Overcoming the slope
Grand Designer Thomas O’Hare had a sloping site to deal with, so how did he come in £50,000 under budget?
Thomas O’Hare and his wife Dervla used lots of glass, white walls and clever design ideas to create a contemporary new-build Grand Design that sits perfectly with its surroundings.
Grand Designs talks to Thomas about the challenges the couple battled on their self-build.
What advice would you give to other people looking to build their own Grand Design?
Carefully consider your budget and the type of building that you want to achieve, and then look for an architect who is right for both of those things.
You had problems with getting planning permission because of the steep slope of the site. Can you offer any guidelines for choosing a plot?
Sites that have planning challenges often come at a lower price, and are potentially better value. But if you want to take on a difficult site, you need to hire someone who is capable of delivering your design within the restrictions of the plot.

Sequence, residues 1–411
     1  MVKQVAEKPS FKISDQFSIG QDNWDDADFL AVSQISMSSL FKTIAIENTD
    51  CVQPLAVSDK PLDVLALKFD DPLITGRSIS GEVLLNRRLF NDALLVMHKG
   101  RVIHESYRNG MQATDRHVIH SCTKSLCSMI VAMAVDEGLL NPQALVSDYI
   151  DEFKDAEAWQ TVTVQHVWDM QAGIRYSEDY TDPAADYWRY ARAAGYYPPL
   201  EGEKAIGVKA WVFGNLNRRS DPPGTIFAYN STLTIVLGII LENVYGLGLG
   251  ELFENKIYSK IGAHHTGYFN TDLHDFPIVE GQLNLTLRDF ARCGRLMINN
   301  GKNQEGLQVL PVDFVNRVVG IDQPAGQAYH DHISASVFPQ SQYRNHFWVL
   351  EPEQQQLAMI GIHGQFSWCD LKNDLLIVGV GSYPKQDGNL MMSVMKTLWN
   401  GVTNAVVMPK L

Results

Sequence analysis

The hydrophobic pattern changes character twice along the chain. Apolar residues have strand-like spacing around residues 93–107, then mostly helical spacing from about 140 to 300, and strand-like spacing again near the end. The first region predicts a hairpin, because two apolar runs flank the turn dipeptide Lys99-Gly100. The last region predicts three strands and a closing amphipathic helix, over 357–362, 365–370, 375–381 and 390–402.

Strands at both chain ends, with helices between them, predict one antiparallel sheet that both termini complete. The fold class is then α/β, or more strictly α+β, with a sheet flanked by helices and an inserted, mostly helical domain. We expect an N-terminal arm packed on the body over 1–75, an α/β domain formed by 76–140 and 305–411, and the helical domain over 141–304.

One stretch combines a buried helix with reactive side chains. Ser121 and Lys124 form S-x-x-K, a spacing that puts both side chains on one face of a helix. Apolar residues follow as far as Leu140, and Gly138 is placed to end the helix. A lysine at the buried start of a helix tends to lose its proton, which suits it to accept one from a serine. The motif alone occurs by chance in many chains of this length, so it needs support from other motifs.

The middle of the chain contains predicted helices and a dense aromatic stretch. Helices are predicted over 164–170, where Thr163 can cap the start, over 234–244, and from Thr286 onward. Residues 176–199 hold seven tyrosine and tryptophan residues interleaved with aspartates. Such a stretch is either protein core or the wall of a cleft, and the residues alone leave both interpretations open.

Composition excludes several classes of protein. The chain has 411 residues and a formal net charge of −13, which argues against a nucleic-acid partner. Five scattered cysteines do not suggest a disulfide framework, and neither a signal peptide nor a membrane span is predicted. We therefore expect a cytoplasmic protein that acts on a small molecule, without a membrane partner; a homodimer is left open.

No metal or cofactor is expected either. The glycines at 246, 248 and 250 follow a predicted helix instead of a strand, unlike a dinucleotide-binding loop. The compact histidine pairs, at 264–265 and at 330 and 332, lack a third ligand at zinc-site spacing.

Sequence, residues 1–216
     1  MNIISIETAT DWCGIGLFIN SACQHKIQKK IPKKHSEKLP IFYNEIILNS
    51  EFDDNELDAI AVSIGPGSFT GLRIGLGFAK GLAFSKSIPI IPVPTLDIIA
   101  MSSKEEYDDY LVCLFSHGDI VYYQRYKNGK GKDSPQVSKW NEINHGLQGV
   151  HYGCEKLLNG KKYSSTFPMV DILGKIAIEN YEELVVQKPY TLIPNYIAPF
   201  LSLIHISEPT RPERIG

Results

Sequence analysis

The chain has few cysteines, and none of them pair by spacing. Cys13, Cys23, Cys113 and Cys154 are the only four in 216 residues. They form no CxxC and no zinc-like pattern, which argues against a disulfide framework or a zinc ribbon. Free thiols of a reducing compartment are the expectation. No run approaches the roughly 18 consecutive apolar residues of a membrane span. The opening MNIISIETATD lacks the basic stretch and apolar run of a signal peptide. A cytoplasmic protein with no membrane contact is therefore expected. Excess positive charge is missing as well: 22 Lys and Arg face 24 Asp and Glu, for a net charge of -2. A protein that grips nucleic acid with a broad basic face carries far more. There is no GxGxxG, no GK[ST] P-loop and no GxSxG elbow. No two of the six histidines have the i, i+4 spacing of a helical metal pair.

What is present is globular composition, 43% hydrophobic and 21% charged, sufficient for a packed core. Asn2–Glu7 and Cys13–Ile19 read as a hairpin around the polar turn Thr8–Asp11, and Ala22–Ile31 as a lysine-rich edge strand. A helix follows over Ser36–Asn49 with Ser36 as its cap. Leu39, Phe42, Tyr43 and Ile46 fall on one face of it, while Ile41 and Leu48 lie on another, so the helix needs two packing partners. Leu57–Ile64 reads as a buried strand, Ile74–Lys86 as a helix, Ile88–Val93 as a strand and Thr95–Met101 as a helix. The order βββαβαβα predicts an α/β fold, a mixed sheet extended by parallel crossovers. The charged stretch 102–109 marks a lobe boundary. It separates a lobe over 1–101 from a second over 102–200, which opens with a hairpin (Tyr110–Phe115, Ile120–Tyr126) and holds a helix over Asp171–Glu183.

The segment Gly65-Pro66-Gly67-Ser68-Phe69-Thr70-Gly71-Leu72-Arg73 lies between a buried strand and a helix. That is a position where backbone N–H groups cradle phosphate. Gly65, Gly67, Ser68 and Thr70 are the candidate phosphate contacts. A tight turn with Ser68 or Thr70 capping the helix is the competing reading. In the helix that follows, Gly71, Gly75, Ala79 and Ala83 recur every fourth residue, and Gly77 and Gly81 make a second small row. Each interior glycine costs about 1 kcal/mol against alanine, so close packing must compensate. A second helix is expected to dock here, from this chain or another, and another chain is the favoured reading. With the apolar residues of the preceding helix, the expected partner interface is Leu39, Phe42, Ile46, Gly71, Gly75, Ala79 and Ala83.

What advice would you give to those approaching the planning process for the first time?
Take the amount of time you’ve allocated for planning and double it. Many people assume that you ask for permission and are given it, but unless it’s a bona-fide ready-to-go site, this is rarely the case.
How did you adapt the design to the lie of the land?
The difficulty was the change in level, which we handled by building over three floors. The hill faces south so we terraced the building up the slope, providing all the rooms with a southerly aspect. This created useful solar gains.
How did you come in £50,000 under budget?
I work in the construction industry, so I was able to make savings due to expertise, experience, and contacts. A good tip is to get three or four quotes for every single job. And don’t hire machinery for the whole duration; make a schedule and only bring it on site when needed.
How can other people ensure their construction goes smoothly and to time and budget?
I wouldn’t recommend project managing unless you know what you are doing. It’s a very steep learning curve. Employing a professional will save you money and heartache. After you’ve completed the design and the construction schedules, try to stick to them. Don’t change too much once the plans are signed off.
Has building your own home lived up to expectations?
It’s the best thing we’ve ever done. That’s not to say it wasn’t a challenge, but most of the problems were to do with the topography and planning.